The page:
Published Sep 28, 2009With 17 EPs and two albums under his belt since 2003 as Bruno Pronsato, Seattle's Steven Ford has steadily built a reputation for being amongst the few North Americans to break through the tightly knit Euro-centric circle of minimal techno. Be that as it may, Pronsato's star has risen above many of his contemporaries with his latest outing, The Make Up The Break Up, which many are calling one of the finest long-form minimal outings of the year. In girth, complexity and arrangement, The Make Up The Break Up picks up right where Ricardo Villalobos's "Minimoonstar" left off last year. Clocking in at a gargantuan 39 minutes, this single track breaks down into seven suites and like Villalobos's recent work, as well as that of Moritz Von Oswald and Vladislav Delay, borrows its percussive influences from the offbeat syncopations of jazz drumming, making for a rhythmic bed that jitters and writhes underneath the main centrepiece, an extensive sample from Nico's "It Was a Pleasure Then." Pronsato has started his label just to put this out, and this album-length work has highlighted the fact he's ready to do things on his terms.
How long has The Make Up The Break Up been in the making and what influenced you to go this route?
Well, the track was originally created during the era when I was making my album Why Can't We Be Like Us. It was a much shorter version. I sort of gave up on it as I moved forward with more tracks that were consistent with the theme of the album. I worked on it in various forms since 2007 and arrived at a completed version in mid-2008.
An extended Nico sample makes up the centre of this piece. Why the decision to use such a recognizable piece of music and why for so long?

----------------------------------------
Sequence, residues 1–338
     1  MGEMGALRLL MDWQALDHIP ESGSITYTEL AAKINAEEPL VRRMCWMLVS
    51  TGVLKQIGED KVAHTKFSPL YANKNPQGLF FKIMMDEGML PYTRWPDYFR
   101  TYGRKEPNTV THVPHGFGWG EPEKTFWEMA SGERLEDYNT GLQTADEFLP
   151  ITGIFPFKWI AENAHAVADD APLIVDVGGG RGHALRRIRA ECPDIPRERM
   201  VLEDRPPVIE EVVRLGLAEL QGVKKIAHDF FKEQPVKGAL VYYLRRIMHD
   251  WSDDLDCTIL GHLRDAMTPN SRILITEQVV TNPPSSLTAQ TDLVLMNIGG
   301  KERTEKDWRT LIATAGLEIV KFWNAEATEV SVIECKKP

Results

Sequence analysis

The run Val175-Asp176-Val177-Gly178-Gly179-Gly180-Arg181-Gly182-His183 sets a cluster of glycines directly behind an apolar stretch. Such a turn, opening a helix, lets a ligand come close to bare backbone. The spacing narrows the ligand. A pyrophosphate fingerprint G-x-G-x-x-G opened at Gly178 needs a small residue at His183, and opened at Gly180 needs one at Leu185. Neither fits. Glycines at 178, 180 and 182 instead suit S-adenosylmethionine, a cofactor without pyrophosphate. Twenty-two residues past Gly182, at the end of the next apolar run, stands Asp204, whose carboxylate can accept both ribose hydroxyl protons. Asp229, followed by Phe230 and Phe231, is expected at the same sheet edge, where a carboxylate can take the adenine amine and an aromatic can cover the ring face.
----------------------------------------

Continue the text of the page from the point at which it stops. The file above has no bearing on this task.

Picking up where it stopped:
I was going through a very extended Nico phase, listening nearly everyday. I felt like the track I was working on needed something more. I wasn't sure if it was a vocal or some kind of percussion, some kind of strange sound. I just knew it was missing something. I remember listening to "It Was a Pleasure Then" and thinking that was what it needed. I just put it in the track with no warping or anything; it really just sort of magically fit. The funny thing is, when I sent the track out for the usual round of criticism to my friends and colleagues there were only a handful that recognized it. Honestly, it was really something pretty magical that it fit. I am not typically the producer that samples at all. But in this case I just felt like it was too perfect to forget.
Why the decision to start Thesongsays, your label, at this point in your career?
Well, there are many reasons. The main reason, however, was to release The Make Up The Break Up. I have been releasing on Hello?Repeat for quite some time now. I felt like that track was something that should be on a more experimental label, a label that didn't have a sort musical expectation from the public. I think H?R would have released it but I felt like it wasn't the right label for the track. Originally it was to be released on Catenaccio Records. After the European distributor, Neuton, went bankrupt, it put the track on yet another delay. I had almost given up on releasing the track until I had a conversation with some of the guys at Word and Sound distribution in Berlin. They agreed to allow me to start my label, distribute it and produce it. So I was incredibly lucky, actually, to get that track and start my label.
The seven parts of this piece sound like they could form an album. Why the decision to go the singles route?
Well, the track was always meant to be one long piece with "movements," for lack of a better word. It is based upon one musically evolving theme. It's not really a collection of different moods. I felt like it maintained this ever-present sense of gloom without really moving into too many directions, a sort of evolving gloom. I think an album is a collection of moods and ideas. This was always intended to be a track; I divided it to really emphasize the changing sounds and ideas, not to specify an actual track change.
What's on the horizon from you?
At the moment I am really focusing on touring and working on Thesongsays. I have a new release coming out from a duo from Washington, DC called Benoit & Sergio. The EP is called What I've Lost. Also, another release from an artist named Ninca Leece. Both EPs are in-line with the sort of vision of The Make Up The Break Up, this sort of musical emotional brooding. I like to call the future releases "romantic techno." The titles of the tracks start the story and the music finishes it. (The Song Says)